Another factor to consider when selecting an e-bike is where you’ll be riding. Do you plan to mostly cruise country roads, zoom down urban lanes or go off-roading in the mountains?
In this chapter, we’ll explore the differences between e-bikes for on and off the road. We’ll also look at e-bike regulations to help you prepare for a safe ride. If you’re not sure which bike suits you, contact us at Avadar Bikes and we’ll help you find the best e-bike for your terrain.
Electric Bike Regulations
E-bikes are regulated by the Consumer Product Safety Commission for the sake of product safety. This means that the federal government only regulates the condition of an e-bike for sale, and not how it’s used. Federal law defines an e-bike as a low-speed electric bicycle with fully operable pedals and an electric motor of fewer than 750 watts, and which does not go faster than 20 mph when powered only by a motor. Federal law does not specify the max speed for traveling using a combination of human and motor power.
To know e-bike laws that apply to you, you have to check with your state. State traffic laws vary and determine how e-bikes can be used within the state. The majority of states define electric bikes in their traffic laws, but some states do not. Also, some states have specific laws that apply only to e-bikes. For example, some states require a license to operate an e-bike. Other states apply the same laws to e-bikes as traditional bikes. A good place to learn about the e-bike laws in your state is to click on your state at Peopleforbikes.org.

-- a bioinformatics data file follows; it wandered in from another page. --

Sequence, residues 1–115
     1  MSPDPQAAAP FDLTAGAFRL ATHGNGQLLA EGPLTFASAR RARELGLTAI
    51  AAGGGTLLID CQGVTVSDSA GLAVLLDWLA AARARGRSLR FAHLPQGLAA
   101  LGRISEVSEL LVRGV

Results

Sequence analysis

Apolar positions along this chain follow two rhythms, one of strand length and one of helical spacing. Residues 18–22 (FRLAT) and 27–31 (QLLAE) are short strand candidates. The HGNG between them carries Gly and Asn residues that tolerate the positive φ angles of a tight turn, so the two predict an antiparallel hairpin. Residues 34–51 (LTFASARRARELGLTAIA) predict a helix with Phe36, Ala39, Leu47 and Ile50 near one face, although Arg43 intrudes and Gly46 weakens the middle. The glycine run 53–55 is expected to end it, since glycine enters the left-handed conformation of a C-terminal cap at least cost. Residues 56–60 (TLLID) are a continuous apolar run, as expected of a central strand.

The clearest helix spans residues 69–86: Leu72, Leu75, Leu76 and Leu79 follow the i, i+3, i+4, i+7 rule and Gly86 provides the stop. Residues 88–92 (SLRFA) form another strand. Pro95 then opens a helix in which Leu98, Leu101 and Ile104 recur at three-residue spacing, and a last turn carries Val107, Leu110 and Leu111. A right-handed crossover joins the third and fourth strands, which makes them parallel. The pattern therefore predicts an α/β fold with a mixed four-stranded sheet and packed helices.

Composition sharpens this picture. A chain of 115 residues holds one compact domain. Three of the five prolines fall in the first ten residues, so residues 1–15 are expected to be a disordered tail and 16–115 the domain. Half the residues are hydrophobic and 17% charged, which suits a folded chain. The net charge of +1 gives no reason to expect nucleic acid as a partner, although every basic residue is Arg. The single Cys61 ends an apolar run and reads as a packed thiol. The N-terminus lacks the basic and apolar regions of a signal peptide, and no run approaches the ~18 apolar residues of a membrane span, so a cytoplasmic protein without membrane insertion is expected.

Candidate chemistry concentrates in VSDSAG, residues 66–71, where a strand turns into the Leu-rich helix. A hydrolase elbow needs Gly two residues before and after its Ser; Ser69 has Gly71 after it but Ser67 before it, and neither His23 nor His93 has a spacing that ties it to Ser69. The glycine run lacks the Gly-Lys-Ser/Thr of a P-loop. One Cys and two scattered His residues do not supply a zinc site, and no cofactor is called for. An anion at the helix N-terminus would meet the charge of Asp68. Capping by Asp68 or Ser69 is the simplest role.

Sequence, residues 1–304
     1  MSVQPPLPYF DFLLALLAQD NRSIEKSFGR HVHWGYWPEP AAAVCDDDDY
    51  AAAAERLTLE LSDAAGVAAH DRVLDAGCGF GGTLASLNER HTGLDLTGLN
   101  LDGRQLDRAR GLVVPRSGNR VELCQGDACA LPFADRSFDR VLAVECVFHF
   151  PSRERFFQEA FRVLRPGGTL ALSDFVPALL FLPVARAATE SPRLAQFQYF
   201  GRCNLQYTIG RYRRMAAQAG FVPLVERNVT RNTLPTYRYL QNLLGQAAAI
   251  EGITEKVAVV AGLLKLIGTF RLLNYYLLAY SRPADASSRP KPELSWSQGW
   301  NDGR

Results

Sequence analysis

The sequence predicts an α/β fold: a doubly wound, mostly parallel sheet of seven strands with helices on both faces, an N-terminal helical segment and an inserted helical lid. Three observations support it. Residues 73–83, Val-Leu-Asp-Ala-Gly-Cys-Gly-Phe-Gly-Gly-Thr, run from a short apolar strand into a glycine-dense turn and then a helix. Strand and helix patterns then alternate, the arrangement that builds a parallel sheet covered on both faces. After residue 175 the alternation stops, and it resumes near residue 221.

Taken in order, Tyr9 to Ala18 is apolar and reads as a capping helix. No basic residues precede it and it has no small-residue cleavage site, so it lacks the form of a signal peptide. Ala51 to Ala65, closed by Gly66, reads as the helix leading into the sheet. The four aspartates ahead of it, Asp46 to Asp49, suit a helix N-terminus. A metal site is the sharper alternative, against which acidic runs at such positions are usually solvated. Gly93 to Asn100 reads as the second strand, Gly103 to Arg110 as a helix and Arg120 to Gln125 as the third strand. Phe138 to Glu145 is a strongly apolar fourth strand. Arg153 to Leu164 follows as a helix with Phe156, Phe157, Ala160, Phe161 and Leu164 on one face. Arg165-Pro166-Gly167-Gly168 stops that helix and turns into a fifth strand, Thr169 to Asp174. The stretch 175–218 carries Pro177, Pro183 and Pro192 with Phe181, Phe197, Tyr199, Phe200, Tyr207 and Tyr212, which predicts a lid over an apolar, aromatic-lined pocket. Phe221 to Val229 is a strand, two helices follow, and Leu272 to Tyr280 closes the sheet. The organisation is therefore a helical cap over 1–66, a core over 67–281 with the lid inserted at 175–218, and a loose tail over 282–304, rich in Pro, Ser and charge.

Can You Ride an Electric Bike on the Sidewalk?
Like e-bike laws in general, bike sidewalk laws also vary by state and local governments. For example, New York does not have a statewide law prohibiting sidewalk bike riding, but a person cannot ride a bike on a sidewalk in New York City unless permitted by a sign. To look up your state laws regarding sidewalk riding, check out your state on Bikeleague.org.
What Age Can You Ride an Electric Bike?
Age restrictions also vary by state. For example, in California and Utah, an individual under the age of 16 may not operate a Class 3 electric bike. Arizona, Idaho and Wyoming have no age restrictions to ride any class of e-bike.
Download GuideChapter 3: What Will You Be Using Your Bike For?Chapter 5: Pedal Assist or Throttle Control?